Justine Greening’s idea of going along to the Network Rail members meeting to cast her vote against the bosses’ bonuses exposes the ridiculous nature of the structure of the industry. Here is the person representing the interests of the government, which puts £4bn subsidy into the industry, casting her vote which has the same weight as Les from Dorking and Doris from Droitwich who happen to be members because they like the quarterly opportunity to mix with the hobnobs while quaffing cucumber sandwiches in a three star hotel.
In a way, I rather like Ms Greening’s gesture and it certainly is not her fault that she is placed in this ridiculous position. But it shows up her naivety because it is not good politics, nor does it make any sense. It is part of the wider phenomenon of started in the Thatcher era of trying to extract government out of any involvement in industry,and therefore there has to be a pretence that the railways are nothing to do with ministers. Hence, she is just one voice among all the others.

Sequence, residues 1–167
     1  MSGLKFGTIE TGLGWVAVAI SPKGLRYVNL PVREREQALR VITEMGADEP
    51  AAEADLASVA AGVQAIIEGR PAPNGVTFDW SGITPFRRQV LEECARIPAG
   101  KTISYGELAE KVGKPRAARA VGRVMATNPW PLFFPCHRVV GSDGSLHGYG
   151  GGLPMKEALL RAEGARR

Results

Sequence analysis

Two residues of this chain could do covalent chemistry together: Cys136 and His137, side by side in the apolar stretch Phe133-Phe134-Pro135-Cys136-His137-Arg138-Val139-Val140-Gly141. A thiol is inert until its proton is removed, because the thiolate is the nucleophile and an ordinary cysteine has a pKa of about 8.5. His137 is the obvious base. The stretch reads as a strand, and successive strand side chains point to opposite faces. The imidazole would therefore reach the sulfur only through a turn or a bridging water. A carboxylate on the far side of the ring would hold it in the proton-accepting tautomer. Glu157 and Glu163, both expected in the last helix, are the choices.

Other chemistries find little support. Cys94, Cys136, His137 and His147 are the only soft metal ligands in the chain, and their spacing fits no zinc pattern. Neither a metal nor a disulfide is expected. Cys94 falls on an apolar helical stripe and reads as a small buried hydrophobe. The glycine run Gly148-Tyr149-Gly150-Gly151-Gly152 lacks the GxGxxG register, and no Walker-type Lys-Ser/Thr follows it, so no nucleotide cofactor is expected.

In truth, of course, this is patent nonsense. One would rather like the person responsible for the taxpayers’ input to throw their weight around rather more than just one vote out of a 100 or more. This is, I’m afraid, gesture politics at its worst. Hopefully, Ms Greening will reflect on that when she completes the long awaited paper on the future structure of Network Rail.
As has now been pointed out to me, and I mentioned on the News Channel, the government has the power to appoint a director to the renumeration committee and failed to do so. It is now, apparently, about to do so, but only because Labour opposition pointed out that this was possible. Perhaps the good Lord Adonis should have done it some time ago….